21 October 2012

First Aid in Children


Thankfully most accidents and injuries in children are minor and uneventful. However there are a few situations which are really a matter of life and death. These include suffocation and heart arrest following drowning, trauma or electrocution.

If the heart or breathing stops for any length of time, irreversible damage will immediately start to take place in all the cells of the body, especially the brain cells which are especially sensitive to lack of oxygen. Death occurs after a few minutes unless the circulation is restored. That is why immediate intervention is so crucial in such situations.

A child may choke on pieces of food, such as nuts, and small toys.
Usually the child coughs up the obstructing object and all will be well without the need of any special intervention. But if the child stops coughing and loses consciousness, the parent may be able to clear the obstruction by a technique that involves back blows and chest thrusts (in infants) or abdominal thrusts (in older children).

In the case of loss of consciousness following drowning and similar accidents, the rescuer should first check if the child is conscious and breathing. If not, the rescuer should immediately start cardiopulmonary resuscitation and continue to do so without interruption until the child recovers or until help arrives.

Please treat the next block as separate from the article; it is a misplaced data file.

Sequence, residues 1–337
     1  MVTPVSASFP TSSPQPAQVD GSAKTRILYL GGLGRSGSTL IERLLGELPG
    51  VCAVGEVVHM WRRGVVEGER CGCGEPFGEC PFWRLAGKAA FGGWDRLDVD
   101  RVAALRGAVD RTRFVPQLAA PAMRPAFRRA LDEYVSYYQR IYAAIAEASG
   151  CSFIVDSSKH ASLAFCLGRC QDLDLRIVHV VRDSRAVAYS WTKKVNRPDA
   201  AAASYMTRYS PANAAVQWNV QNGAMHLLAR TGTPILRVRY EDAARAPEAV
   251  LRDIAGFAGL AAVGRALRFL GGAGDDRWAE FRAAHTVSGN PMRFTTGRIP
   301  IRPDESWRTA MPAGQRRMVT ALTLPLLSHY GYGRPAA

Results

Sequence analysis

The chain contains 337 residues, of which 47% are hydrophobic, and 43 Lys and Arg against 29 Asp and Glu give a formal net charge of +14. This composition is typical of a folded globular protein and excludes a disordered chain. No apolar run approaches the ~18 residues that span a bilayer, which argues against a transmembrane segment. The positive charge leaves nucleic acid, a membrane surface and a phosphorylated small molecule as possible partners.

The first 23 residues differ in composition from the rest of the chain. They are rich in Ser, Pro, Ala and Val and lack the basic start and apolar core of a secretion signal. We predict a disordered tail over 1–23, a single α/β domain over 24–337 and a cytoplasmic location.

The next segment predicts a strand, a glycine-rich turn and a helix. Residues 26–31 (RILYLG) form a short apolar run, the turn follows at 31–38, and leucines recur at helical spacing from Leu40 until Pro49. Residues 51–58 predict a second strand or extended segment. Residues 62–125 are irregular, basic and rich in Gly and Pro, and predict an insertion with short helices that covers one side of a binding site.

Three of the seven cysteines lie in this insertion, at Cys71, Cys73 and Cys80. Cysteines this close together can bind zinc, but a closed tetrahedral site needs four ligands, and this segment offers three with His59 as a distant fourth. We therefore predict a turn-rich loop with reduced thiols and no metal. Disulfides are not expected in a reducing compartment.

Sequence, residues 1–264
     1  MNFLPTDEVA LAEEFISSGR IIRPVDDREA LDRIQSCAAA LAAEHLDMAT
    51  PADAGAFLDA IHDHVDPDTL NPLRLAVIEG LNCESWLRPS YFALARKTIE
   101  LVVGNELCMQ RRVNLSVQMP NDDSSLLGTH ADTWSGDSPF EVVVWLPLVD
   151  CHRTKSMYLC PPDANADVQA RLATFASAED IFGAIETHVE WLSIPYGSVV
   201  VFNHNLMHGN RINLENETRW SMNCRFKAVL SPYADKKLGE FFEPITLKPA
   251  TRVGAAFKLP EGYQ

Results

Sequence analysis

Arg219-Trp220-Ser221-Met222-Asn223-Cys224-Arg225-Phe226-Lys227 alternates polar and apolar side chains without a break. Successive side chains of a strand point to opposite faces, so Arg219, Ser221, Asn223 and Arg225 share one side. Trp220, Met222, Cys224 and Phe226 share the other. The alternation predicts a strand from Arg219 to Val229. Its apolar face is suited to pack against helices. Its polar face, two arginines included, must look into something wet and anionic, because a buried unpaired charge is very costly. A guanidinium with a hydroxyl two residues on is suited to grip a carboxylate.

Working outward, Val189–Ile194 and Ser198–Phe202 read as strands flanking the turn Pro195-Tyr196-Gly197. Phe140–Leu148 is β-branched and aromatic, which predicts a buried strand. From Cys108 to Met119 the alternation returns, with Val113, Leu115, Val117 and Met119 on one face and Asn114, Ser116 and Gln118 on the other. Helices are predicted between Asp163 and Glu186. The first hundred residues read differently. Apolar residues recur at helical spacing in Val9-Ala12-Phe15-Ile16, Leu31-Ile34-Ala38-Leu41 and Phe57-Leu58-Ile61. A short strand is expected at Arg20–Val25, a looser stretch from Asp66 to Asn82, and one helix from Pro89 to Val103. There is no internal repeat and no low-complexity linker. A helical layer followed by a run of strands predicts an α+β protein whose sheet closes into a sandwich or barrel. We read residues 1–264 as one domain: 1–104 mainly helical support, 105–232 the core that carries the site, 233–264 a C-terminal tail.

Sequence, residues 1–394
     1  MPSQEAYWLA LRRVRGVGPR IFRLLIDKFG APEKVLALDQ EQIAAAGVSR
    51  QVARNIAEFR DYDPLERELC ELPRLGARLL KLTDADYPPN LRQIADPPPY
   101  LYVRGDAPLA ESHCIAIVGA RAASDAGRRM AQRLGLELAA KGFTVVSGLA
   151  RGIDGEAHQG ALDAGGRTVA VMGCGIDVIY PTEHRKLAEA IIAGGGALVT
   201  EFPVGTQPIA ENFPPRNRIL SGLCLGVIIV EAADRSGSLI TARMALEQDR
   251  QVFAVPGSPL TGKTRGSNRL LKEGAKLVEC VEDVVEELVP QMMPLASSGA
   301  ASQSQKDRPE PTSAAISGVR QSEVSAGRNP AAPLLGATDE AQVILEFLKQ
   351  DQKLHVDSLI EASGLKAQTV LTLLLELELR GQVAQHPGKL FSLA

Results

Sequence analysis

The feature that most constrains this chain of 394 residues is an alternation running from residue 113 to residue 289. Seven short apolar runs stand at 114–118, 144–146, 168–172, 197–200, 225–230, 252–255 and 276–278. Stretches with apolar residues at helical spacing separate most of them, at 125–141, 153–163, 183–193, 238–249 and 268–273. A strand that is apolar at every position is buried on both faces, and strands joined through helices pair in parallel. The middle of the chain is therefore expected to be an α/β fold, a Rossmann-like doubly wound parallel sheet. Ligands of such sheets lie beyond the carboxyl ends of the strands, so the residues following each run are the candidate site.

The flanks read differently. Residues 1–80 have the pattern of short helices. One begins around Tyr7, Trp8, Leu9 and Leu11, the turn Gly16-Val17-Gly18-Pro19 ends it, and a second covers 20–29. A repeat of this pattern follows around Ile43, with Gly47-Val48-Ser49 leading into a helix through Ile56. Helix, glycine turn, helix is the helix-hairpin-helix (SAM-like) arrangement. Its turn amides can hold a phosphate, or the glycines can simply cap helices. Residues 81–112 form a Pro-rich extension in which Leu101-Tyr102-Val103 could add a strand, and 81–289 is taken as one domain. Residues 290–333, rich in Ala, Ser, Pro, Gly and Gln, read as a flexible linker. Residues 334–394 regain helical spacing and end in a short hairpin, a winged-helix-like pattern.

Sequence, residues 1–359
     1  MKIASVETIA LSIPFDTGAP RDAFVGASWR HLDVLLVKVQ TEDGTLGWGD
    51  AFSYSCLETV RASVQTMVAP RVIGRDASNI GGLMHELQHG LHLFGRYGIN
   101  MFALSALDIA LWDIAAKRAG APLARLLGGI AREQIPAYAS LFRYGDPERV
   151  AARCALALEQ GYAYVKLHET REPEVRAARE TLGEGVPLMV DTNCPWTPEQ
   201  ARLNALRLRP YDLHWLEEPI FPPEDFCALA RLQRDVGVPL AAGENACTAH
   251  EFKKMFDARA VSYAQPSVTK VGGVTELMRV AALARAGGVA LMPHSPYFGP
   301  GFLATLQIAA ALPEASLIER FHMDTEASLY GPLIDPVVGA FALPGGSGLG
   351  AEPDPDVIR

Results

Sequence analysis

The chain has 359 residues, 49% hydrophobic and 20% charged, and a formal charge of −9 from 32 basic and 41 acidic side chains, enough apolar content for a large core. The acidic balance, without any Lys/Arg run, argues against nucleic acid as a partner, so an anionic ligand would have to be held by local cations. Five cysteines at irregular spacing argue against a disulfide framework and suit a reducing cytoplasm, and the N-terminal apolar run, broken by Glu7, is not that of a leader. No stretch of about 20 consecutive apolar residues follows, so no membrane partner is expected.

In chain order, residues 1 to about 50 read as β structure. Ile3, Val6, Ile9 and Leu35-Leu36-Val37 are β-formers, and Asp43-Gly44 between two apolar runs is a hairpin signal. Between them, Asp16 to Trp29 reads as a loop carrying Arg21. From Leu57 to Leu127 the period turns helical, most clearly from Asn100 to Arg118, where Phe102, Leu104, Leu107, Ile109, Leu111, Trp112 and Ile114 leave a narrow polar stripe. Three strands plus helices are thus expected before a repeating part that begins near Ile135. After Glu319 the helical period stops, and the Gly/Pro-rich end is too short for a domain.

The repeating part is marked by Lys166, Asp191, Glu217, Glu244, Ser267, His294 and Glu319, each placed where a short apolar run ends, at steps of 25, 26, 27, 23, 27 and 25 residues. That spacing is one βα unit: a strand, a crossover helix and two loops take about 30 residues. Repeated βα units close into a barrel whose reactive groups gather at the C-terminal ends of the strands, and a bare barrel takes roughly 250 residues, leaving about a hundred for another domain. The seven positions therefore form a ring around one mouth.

These techniques are simple enough to perform but they cannot be learned by reading an article. I strongly recommend all parents to take a first-aid course where they can learn and practice basic life support. Such courses are organized in Malta by various societies. Hopefully they will never need to use such skills, especially if they take child safety seriously. Even so, serious accidents can still happen to our children. In such situations prompt and effective resuscitation is life-saving.